But I was wrong about a lot of shit then, and I can’t re-apologize every for everything any time I post something.

    And I’m right. And I will join any march.

  43. 43
    ChrisWWW says:

    The “Pass the Damn Bill” crowd ignores the unpopularity of the bill even with liberals. By bargaining away the big liberal ideas, the Washington Democrats have drained the pool of enthusiastic support.

    To put it another way, hippies and hippie sympathizers aren’t going to march on behalf of insurance companies. They would have marched for the public option.

  44. 44
    cat48 says:

    You can reach a lot of the MSM via twitter. We could twitter bomb them to make sure they know the plan and make it clear we expect it to be covered for once.

  45. 45
    EvolutionaryDesign says:

    slacktivism

    I think you have yourself a new tag here.

    Just WTF are they doing with OFA?

    As far as this – Rolling Stone has a good article (not by Taibbi) about where OFA has been lately.

    href=http://www.rollingstone.com/politics/story/31961846/no_we_cant

  46. 46
    Joel says:

    I equate the teabaggers to the WTO protesters in Seattle several years back. They got plenty of coverage, and were just about as unhinged.

    The thing is, there’s a lot of underlying sympathy in this country for the teabaggers, and Fox News is a symptom of that, not the cause. Populism is a scary fucking beast. I don’t know what to do about it, honestly.

  47. 47
    Just Some Fuckhead says:

    I’d love to drop everything and go activisting but if I lose this job, I lose my health insurance.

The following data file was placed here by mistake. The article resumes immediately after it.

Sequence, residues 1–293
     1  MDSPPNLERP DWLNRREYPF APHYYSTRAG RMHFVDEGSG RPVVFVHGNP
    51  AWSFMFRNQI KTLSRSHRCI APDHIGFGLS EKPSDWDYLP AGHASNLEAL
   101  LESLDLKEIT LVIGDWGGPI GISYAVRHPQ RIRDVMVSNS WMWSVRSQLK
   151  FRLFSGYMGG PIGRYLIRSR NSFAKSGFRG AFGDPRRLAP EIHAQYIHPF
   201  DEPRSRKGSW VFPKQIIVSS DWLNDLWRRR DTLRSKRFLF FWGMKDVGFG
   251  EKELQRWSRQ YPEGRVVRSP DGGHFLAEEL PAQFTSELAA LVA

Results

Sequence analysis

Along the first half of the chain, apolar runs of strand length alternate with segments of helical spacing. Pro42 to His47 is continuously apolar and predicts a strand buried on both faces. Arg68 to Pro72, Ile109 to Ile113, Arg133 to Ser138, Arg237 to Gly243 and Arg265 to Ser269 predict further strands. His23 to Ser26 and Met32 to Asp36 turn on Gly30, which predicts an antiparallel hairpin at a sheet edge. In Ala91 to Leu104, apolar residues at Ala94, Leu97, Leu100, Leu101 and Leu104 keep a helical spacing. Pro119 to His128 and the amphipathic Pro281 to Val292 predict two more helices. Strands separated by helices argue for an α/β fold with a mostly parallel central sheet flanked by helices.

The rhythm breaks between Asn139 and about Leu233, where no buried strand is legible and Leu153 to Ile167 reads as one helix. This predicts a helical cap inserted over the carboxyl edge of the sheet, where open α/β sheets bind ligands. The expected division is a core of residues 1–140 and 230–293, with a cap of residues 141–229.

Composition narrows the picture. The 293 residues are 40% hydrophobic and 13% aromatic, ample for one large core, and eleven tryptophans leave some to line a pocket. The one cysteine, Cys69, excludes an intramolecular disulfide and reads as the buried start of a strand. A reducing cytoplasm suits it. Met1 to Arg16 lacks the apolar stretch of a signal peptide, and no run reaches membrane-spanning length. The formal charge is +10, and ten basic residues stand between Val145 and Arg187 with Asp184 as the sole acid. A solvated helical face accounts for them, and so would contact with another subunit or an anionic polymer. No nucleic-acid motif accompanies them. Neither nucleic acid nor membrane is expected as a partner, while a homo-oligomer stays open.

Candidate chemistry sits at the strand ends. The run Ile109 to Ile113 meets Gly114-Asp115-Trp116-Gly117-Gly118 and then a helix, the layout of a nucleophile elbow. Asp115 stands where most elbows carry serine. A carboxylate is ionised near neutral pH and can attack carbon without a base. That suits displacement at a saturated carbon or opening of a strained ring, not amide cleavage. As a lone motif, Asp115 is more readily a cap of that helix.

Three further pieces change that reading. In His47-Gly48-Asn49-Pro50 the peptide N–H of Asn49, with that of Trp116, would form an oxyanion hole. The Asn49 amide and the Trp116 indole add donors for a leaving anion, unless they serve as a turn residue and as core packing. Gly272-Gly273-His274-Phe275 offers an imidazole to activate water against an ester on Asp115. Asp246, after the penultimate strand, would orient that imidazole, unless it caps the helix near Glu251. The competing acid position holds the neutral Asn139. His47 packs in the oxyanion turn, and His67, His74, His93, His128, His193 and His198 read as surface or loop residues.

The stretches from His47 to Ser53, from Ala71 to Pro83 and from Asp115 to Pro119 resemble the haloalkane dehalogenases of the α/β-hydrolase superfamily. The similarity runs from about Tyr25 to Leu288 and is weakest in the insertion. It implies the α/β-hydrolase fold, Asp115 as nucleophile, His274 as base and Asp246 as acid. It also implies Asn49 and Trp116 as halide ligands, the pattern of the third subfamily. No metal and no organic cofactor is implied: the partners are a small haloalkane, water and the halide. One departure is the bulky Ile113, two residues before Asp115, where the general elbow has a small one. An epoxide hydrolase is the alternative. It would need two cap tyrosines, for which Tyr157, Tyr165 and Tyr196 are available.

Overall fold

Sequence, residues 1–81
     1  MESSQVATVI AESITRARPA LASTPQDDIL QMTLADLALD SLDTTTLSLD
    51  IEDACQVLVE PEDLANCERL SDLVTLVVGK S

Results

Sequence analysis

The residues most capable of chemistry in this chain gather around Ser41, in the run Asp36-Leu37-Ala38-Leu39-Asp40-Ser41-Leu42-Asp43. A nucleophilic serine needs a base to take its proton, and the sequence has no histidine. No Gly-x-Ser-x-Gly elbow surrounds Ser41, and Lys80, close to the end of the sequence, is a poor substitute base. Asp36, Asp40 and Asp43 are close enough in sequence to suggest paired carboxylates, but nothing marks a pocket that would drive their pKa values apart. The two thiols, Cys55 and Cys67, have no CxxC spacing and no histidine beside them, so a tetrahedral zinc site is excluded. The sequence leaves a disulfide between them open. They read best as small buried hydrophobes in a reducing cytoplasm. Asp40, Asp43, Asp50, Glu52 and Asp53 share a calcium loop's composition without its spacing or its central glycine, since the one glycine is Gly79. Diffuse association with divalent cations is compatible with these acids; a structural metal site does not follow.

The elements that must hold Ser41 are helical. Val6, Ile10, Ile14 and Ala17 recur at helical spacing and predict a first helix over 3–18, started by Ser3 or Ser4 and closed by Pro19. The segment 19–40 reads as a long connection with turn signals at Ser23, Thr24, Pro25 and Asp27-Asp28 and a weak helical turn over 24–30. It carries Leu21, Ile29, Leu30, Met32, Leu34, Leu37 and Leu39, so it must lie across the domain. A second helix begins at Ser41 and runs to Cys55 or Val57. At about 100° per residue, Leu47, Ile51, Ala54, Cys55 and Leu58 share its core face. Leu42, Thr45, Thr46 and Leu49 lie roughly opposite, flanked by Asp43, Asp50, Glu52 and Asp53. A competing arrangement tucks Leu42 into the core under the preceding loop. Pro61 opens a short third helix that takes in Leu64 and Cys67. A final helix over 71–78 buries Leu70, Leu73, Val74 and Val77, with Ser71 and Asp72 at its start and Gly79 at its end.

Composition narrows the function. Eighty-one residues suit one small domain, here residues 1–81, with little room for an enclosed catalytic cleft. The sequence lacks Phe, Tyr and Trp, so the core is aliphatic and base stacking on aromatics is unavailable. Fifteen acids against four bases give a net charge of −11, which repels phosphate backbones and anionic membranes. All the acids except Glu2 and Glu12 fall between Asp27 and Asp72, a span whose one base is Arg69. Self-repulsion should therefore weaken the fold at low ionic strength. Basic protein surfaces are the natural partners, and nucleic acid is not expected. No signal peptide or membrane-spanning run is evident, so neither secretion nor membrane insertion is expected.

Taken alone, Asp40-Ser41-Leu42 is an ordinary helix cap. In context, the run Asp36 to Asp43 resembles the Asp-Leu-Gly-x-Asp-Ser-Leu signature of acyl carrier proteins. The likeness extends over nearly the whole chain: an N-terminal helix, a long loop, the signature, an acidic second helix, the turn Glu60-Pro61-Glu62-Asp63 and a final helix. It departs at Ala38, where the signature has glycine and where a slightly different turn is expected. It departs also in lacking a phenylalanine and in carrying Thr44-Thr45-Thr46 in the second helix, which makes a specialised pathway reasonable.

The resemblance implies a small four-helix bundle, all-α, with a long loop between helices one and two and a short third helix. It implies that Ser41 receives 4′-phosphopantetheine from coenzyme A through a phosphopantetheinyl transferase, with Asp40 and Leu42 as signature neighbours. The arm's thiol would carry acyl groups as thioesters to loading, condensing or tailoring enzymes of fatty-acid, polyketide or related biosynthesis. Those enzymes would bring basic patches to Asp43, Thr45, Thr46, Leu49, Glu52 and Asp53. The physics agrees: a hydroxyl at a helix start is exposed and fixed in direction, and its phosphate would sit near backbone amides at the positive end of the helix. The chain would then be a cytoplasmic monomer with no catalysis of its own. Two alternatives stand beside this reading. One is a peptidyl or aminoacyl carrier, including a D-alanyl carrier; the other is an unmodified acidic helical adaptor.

48. 48
    Violet says:

    @ChrisWWW:

    To put it another way, hippies and hippie sympathizers aren’t going to march on behalf of insurance companies. They would have marched for the public option.

    Why weren’t there marches and protests organized, then? The tea party stuff goes back a year at least. Counter protests could easily have been organized to support the public option or good health care reform or whatever.

    The left has been asleep at the wheel and the Dems have been busy texting their friends at the insurance companies. No one has been driving.

  49. 49
    Annie says:

    @TooManyJens:

    I understand. And, I blame the media for not looking closer at the teabaggers, and the numerous inconsistencies in their positions, and the racism that permeates everything they do — from what they say, to their meetings and conventions, to invited speakers, etc.

    However, I argue, that by controlling the “streets,” teabaggers make it seen that they have more supporters than they really do. And, at this point, that is a win-win.

    Until we start being visible — really visible — we have effectively turned over the “face” of protest to them. And, that is unacceptable.

  50. 50
    cat48 says:

    @ChrisWWW: